What Happens If Valley Court Park Leaves the Historic District?
Our report this morning, Council Votes 4-1 to Shrink Historic District in Preparation for Redevelopment, has some readers asking what this means for Valley Court Park and for the farmers’ market held in that park.
If Council does officially vote to take Valley Court Park out of the Oakwood Historic District, it will still be a City-owned park. The City has no plans either to sell any part of the park or to stop holding the farmers’ market there.
So why is a 4-1 majority of City Council interested in taking the park out of the Historic District?
If the park remains within the district, if the City wants to make significant changes to the structures of the park, the City has to seek the permission of the East Lansing Historic District Commission. That includes removing, adding, and changing the exterior of structures.
One structure at issue is the substation, which was moved to its current location when the West Village condos were constructed. The building needs a lot of costly repairs if it is to be usable indoors for anything other than storage for things that can get wet.
Another structure currently at issue is the Valley Court Community Center. Some City Council members are talking about replacing that building (shown below) with something else, for example, senior housing.
The Historic District Commission has approved a number of redevelopment plans around East Lansing that are within historic districts. They approved, for example, the recent changes made to the Bailey School. The Commission also approved the demolition of two older houses for the construction of the West Village condos, shown below.
But this City Council (with the exception of Shanna Draheim) prefers to be able to approve changes to Valley Court Park without having to work through the Historic District Commission.
The State Historic Preservation Office (SHPO) commented on East Lansing’s study of the Oakwood boundaries to object to part of what City Council is planning to do, namely to remove from the district the West Village condos.
Those condos are adjacent to Valley Court Park to the south, west, and north.
SHPO wrote to the City of East Lansing in January about the plan to remove the condos:
“This is a red flag that something is amiss. SHPO does not agree with the study committee’s recommendation to remove the modern apartment complex at 332-392 West Grand River from the district. The massing and scale of this development is in keeping with the historic resources [meaning buildings] in the district. If these properties are removed then there will be no review by the historic district commission of any changes or new construction undertaken at the complex or its site. This could negatively impact the historic resources in the 300 and 400 block of Hillcrest as well as the setting and feeling of the historic Valley Court park.”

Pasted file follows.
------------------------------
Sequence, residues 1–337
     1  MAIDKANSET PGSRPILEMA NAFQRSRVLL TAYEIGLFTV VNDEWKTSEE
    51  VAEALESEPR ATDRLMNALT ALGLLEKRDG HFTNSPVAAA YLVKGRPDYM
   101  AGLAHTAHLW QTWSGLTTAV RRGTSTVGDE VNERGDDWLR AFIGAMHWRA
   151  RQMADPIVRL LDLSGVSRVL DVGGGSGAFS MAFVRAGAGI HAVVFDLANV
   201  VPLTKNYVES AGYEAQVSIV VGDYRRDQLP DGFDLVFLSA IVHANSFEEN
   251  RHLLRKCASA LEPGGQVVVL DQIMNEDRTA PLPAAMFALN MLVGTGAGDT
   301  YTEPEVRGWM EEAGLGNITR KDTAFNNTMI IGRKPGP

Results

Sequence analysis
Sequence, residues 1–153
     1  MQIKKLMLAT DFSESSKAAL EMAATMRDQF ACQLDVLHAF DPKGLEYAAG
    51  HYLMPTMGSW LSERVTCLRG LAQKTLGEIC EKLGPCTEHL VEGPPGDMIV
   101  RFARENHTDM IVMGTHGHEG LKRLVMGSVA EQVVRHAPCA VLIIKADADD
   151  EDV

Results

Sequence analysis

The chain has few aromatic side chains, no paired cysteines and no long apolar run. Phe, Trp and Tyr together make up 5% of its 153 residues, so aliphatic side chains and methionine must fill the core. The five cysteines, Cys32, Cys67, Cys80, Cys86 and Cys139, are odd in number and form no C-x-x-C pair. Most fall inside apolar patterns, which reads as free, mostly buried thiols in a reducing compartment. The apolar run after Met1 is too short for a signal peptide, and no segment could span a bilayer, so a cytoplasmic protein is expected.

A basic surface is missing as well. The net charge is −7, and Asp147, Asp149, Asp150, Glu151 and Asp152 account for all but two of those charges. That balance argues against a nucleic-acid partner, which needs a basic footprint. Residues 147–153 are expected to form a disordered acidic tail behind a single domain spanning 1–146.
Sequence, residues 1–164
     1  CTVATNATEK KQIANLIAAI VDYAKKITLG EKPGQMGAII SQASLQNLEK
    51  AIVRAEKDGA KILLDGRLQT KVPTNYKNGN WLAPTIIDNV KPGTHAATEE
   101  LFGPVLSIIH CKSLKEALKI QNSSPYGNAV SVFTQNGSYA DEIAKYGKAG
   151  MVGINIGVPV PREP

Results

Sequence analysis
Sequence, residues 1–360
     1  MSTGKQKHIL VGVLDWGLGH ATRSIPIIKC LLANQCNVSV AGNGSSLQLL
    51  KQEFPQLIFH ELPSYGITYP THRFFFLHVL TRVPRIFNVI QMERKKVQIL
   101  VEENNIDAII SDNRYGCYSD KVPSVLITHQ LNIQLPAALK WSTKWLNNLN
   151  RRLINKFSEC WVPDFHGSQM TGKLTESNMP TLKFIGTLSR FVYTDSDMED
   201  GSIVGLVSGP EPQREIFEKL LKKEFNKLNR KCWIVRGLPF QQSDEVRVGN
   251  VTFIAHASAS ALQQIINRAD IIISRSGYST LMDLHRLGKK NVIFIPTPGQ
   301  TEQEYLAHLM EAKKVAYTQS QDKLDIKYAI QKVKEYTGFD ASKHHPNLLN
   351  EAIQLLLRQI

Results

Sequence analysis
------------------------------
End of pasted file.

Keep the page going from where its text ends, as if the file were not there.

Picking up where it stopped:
The image below shows the back of the West Village townhouses as seen from the park.
SHPO did not speak to the issue of removing the park itself. That's because the boundary study committee never suggested removing the park. That idea came from City staff and Council.
Could City Council sell or lease part or all of Valley Court Park?
The East Lansing City Charter indicates that the sale of park land requires approval by a simple majority of registered East Lansing voters who vote on a ballot proposal to sell. So if Council wanted to sell part or all of Valley Court Park – which none of the Council members are talking about doing – it would require, at a minimum, permission of a majority of the City’s voters.
In the Center City District deal, the then-seated City Council (Mark Meadows, Erik Altmann, Ruth Beier, Shanna Draheim, and Susan Woods) voted to give developers Harbor Bay Real Estate and Ballein Management a 49-year lease of public property, namely Parking Lot #1 downtown. That avoided having to get permission of the voters, because it wasn’t a sale.
But none of the current Council has suggested leasing any of Valley Court Park to a developer.
In fact, when developers Royal Vlahakis presented a proposal that called for putting their storm water holding tank on Valley Court Park land (underground), the City told them to revise that to put it on their own land.
This Council is looking at the possibility of long-term leasing City-owned Lot 15 to Royal Vlahakis. Council has voted 4-1 to remove Lot 15 from the Oakwood Historic District, which avoids having to go through the Historic District Commission for anything done in the future with that lot, including a long-term lease to developers.
Lot 15 is a property on the hill on Evergreen Avenue with stairs going up to the parking lot on Abbot Road. It is not a park.
As we explained in the report this morning, the 4-1 vote is not the final vote on the matter of changing the Oakwood Historic Boundaries. If you want to weigh in, you still can by attending City Council’s meeting on Tuesday to speak at public comment or by writing to Council at firstname.lastname@example.org.
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